Is Your Job Sacred?

I used to believe that work, unless you were a pastor or a missionary, was "earthly," and that "spiritual, meaningful things" were limited to prayer, worship, Bible reading, preaching, etc.


Of course, I was wrong.
 




Life is not divided into two categories -- life is either all for God or all for something else.
God can be just as pleased with a hardworking farmer, printer, or
electrician as He can be pleased with a church leader or full-time
Christian worker. There is just as much purpose, and just as much
potential reward. The type of work we are involved in isn't the issue
-- it's the condition of our hearts and the "mission" of our lives.



(Did you know that the Apostle Paul wasn't a full-time pastor? He actually made and sold tents for a living.)


Hard work is important to a Christian for a few reasons:

1. It fulfills my purpose as a human being.
In the Garden of Eden,
God didn't blop Adam and Eve down in paradise so they could lounge
around all day -- He gave them work to do (Genesis 1-2).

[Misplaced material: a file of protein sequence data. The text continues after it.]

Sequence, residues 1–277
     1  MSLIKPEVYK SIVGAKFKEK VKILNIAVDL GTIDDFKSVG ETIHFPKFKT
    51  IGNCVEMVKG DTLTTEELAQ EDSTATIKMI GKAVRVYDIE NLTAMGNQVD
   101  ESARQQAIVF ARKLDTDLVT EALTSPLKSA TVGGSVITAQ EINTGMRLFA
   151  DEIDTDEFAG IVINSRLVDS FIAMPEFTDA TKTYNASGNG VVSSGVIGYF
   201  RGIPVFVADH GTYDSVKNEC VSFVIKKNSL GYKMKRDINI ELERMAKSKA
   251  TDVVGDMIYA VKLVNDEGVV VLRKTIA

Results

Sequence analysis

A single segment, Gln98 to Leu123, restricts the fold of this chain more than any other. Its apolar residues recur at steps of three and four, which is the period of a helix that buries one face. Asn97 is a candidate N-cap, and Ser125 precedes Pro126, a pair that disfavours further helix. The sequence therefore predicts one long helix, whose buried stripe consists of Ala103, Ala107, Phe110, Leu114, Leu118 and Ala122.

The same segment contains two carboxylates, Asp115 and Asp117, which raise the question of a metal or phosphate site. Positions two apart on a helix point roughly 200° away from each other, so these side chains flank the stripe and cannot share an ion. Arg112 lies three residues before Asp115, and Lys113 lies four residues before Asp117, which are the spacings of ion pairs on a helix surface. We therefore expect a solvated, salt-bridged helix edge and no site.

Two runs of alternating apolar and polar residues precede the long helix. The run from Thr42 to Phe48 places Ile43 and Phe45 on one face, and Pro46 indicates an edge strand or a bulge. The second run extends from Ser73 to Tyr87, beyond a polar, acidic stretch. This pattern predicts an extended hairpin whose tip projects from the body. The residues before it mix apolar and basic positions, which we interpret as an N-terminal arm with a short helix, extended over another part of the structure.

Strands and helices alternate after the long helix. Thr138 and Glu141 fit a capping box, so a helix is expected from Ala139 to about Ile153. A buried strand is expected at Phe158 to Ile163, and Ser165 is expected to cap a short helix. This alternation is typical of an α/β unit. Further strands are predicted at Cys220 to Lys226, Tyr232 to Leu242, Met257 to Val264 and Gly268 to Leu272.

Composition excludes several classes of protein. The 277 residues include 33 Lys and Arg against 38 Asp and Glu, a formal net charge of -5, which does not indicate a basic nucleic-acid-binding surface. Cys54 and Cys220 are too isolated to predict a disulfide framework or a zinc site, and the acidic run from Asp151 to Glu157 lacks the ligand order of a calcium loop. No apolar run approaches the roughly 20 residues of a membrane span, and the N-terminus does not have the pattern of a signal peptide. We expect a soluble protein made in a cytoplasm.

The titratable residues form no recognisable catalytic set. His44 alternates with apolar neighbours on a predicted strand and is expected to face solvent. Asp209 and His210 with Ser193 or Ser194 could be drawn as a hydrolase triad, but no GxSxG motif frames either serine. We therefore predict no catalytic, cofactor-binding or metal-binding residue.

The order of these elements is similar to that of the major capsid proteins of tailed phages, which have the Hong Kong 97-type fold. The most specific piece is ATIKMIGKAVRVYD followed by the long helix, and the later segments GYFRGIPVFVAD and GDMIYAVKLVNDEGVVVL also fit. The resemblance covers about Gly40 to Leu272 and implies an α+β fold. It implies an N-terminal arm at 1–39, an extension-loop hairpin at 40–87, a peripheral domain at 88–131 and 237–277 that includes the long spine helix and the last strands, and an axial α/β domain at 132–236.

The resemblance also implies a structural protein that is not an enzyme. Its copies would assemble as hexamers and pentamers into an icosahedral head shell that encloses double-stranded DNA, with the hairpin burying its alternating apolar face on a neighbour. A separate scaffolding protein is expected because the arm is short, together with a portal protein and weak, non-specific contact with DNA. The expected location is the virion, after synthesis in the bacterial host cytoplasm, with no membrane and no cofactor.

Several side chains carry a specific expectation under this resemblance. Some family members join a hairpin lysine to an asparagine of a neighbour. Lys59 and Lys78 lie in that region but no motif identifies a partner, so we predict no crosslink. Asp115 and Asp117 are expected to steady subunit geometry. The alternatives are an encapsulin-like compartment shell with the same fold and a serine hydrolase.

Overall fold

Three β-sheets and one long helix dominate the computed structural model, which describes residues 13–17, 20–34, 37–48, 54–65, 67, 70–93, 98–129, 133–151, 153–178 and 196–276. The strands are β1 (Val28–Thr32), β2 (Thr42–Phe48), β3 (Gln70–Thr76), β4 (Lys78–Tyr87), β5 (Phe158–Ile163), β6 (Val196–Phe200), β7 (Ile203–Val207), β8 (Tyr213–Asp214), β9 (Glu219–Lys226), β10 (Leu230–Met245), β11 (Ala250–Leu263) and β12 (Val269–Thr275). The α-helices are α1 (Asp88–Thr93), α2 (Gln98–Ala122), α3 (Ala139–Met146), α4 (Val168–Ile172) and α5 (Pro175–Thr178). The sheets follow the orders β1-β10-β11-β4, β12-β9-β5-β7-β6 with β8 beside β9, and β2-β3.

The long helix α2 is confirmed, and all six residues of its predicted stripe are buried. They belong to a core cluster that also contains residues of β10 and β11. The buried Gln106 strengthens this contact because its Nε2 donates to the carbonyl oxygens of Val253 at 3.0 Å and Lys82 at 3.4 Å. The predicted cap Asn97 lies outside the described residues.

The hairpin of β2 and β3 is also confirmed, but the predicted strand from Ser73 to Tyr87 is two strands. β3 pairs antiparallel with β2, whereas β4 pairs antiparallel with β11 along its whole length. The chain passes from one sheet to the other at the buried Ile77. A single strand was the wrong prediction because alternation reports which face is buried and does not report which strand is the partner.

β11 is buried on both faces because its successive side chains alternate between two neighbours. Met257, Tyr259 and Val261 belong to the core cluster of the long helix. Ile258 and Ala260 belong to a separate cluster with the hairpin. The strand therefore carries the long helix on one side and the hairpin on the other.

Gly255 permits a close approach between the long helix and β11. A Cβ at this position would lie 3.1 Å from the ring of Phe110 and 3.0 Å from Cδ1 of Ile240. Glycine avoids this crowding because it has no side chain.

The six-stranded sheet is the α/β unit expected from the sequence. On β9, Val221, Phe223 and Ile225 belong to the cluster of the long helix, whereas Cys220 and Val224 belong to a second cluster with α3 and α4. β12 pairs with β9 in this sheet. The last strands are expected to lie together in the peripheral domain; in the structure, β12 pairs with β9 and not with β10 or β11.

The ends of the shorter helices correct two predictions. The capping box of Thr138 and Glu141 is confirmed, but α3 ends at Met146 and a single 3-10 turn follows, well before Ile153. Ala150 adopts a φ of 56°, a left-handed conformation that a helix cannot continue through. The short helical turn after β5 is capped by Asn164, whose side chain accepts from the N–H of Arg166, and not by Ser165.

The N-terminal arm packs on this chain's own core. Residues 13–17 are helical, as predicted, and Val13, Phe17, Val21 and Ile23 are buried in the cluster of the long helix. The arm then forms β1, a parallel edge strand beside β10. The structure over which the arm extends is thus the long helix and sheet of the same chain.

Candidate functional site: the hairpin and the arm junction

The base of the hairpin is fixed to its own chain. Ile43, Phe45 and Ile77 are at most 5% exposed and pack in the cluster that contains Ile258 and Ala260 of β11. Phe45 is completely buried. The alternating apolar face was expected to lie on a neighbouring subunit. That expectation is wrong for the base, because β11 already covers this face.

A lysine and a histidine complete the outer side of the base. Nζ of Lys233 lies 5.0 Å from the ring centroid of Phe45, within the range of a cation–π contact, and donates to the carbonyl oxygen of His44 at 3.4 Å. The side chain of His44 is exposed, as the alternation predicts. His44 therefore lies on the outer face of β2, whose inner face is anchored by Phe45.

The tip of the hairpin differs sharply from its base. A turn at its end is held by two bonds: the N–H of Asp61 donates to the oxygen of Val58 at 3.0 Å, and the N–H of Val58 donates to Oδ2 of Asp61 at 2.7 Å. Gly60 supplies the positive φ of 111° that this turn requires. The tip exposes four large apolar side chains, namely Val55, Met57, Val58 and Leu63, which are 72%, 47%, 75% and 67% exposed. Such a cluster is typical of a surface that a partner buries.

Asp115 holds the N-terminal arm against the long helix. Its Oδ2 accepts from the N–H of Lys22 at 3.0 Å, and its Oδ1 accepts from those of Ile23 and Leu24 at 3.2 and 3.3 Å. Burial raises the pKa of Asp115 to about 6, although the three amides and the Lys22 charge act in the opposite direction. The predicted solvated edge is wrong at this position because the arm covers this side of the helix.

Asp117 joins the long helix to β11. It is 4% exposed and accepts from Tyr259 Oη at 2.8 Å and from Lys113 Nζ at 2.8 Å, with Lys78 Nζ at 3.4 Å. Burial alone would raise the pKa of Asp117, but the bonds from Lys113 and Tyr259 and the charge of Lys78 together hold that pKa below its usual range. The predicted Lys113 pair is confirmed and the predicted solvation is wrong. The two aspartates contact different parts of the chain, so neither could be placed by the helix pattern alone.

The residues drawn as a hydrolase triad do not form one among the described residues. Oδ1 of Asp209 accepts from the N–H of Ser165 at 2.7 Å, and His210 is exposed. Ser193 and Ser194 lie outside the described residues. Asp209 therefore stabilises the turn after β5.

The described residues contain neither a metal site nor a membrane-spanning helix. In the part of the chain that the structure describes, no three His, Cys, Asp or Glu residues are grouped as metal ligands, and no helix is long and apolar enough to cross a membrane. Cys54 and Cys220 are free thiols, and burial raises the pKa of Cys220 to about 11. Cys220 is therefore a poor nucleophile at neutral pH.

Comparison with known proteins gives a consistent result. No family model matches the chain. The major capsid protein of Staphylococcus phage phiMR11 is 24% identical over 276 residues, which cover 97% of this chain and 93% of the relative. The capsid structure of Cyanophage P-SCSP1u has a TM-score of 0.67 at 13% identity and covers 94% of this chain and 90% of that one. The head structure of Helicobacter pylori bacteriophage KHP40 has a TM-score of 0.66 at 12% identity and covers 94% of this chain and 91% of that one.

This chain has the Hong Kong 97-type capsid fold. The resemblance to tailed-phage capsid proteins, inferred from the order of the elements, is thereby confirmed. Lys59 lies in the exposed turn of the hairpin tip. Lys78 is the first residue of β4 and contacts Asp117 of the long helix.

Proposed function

2. It keeps me from poverty.
"Lazy hands make a man poor, but
diligent hands bring wealth" (Proverbs 10:4). Believing that "God will
provide for my needs" is not an excuse to avoid hard work.


3. There is great reward. "Serve wholeheartedly, as if you were
serving the Lord, not men, because you know that the Lord will reward
everyone for whatever good he does, whether he is slave or free" (Eph.
6:7). No matter what occupation we have, hard work will bring reward
from God, if it is done with a heart of love towards Him.


4. It allows me to share. "He who has been stealing must steal
no longer, but must work, doing something useful with his own hands,
that he may have something to share with those in need" (Eph. 4:28).


5. It is a good witness to the world. "...work with your hands,
just as we told you, so that your daily life may win the respect of
outsiders and so that you will not be dependent on anybody" (1 Thes.
4:11-12). Hard work gets noticed. An able-bodied Christian should not
end up in a continuous state of dependence upon others for his/her
livelihood.



Work with a mission: to provide for your needs, to be a positive
witness, to build up and help others, and most of all, to honor God
with the skills and abilities He has given you. Who knows? Perhaps your
work - and the spirit in which you do it - could change a life, or even
the world.



To Read: If you have time this week, invest a few moments reading A.W.
Tozer's chapter on the Sacrament of Living. Could it be that a plumber
is just as significant as a pastor in the kingdom of God?



Print out and read it from
http://www.worldinvisible.com/library/tozer/5f00.0888/5f00.0888.10.htm

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